Michael Kumhof

Deputy Division Chief of the Modeling Division
IMF Research Department

Michael Kumhof is Deputy Division Chief of the Modeling Division in the IMF Research Department. His main responsibility is the development of the IMF’s global macroeconomic model GIMF (Global Integrated Monetary and Fiscal Model). This is a dynamic stochastic general equilibrium model that is used heavily for IMF policy and scenario analyses in multilateral and bilateral surveillance, for the World Economic Outlook publication, and for work on G-20 issues. Recent work on improving the theoretical and empirical foundations of this model added an oil sector, to analyze issues of resource depletion, and a banking sector, to study capital adequacy regulation and monetary reform proposals. His other recent research studies the role of income inequality in causing economic imbalances and crises. Mr. Kumhof holds a Ph.D. in Economics from the University of Maryland at College Park, and was assistant professor in economics at Stanford University between September 1998 and March 2004. His work has been published by, among others, the Journal of Monetary Economics, American Economic Journal: Macroeconomics, Journal of International Economics, Journal of Economic Dynamics and Control, Journal of Money, Credit and Banking, European Economic Review, and Journal of Macroeconomics. Prior to returning to academia, Mr. Kumhof was a Corporate Account Executive at Barclays Bank PLC, Singapore, from 1991-1993, where he managed a US$ 100 million corporate loan portfolio in Indonesia, Malaysia and Singapore. Prior postings by Barclays included Portugal and the City of London. Mr. Kumhof is a citizen of Germany.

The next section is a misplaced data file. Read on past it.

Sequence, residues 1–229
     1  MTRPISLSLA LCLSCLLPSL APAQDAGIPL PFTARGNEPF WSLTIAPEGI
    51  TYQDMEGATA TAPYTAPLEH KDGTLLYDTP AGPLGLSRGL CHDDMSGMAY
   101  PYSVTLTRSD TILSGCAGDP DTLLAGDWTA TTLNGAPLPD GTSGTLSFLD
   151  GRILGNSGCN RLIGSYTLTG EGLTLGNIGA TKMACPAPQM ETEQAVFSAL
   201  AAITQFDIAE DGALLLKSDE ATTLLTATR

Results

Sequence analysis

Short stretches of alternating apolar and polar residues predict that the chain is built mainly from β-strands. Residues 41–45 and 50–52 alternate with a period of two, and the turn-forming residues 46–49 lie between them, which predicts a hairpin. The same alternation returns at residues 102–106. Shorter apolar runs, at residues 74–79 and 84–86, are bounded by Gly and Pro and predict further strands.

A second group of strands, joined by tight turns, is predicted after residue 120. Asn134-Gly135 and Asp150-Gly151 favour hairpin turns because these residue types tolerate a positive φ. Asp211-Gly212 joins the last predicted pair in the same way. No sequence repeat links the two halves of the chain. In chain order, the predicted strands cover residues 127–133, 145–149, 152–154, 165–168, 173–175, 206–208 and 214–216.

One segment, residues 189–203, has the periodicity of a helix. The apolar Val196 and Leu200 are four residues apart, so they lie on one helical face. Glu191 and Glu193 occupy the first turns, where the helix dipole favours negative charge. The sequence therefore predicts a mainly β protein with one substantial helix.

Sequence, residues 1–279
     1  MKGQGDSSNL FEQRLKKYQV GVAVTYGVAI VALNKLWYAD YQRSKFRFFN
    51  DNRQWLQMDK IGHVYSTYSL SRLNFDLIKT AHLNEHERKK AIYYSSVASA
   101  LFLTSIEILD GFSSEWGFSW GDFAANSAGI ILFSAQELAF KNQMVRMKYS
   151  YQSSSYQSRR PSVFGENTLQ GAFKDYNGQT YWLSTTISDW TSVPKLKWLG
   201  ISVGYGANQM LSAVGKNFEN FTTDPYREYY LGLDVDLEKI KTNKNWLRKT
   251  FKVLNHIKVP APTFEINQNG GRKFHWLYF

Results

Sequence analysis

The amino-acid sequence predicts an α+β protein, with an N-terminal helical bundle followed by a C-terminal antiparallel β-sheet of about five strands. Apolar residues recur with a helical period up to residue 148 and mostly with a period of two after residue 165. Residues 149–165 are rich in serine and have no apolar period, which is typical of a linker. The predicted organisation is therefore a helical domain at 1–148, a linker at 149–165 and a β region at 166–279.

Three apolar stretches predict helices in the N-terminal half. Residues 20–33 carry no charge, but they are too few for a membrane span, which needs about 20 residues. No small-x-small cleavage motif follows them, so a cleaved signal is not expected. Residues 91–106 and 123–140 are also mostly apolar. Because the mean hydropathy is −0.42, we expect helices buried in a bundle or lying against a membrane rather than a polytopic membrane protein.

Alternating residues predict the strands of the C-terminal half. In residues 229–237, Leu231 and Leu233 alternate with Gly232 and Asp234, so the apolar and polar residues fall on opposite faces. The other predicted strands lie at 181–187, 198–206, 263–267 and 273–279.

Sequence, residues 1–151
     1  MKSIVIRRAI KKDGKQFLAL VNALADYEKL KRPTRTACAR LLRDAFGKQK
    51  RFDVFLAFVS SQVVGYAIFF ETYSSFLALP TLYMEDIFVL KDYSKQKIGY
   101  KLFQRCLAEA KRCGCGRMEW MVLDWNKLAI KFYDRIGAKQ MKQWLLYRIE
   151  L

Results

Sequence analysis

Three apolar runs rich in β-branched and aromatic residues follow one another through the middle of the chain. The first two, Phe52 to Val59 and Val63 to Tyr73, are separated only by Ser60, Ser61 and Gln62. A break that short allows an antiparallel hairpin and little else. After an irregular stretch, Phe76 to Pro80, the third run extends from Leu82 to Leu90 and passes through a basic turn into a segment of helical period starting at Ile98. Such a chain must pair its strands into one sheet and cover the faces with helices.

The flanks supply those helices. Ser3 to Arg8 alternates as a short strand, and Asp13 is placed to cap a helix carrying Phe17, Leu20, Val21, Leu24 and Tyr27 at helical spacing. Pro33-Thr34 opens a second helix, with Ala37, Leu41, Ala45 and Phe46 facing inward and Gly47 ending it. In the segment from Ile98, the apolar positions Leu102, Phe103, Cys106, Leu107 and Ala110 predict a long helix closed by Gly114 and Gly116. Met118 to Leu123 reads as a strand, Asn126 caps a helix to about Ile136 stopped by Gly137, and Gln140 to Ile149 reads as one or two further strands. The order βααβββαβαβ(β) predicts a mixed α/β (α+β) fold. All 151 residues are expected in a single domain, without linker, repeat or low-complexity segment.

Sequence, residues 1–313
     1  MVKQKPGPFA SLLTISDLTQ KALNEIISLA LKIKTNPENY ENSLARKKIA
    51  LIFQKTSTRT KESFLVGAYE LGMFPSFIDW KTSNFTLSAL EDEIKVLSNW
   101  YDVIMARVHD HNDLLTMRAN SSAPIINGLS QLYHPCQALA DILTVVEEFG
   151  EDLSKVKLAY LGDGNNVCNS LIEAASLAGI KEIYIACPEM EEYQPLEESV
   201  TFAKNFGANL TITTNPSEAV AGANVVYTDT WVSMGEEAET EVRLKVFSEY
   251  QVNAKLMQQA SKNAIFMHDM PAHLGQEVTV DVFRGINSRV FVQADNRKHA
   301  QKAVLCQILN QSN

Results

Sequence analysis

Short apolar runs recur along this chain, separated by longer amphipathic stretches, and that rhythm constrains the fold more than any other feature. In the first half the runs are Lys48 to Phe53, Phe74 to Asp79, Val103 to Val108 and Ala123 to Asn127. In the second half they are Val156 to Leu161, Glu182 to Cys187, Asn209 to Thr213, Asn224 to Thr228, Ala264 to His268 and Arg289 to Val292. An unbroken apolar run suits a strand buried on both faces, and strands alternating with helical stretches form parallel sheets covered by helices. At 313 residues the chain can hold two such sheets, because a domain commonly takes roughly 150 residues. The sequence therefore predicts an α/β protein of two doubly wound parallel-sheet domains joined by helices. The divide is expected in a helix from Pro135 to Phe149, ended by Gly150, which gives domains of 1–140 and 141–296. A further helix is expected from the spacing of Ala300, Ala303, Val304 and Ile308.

My Video Content

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Michael Kumhof, Deputy Division Chief, Modeling Unit, Research Department, International Monetary Fund speaking at the panel entitled "The Impact of Inequality on Macroeconomics Dynamics" at the Institute for New Economic Thinking's (INET) Paradigm Lost Conference in Berlin. April 14, 2012. #inetberlin

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Discussion and Q&A at the panel entitled "The Impact of Inequality on Macroeconomics Dynamics" at the Institute for New Economic Thinking's (INET) Paradigm Lost Conference in Berlin. April 14, 2012. #inetberlin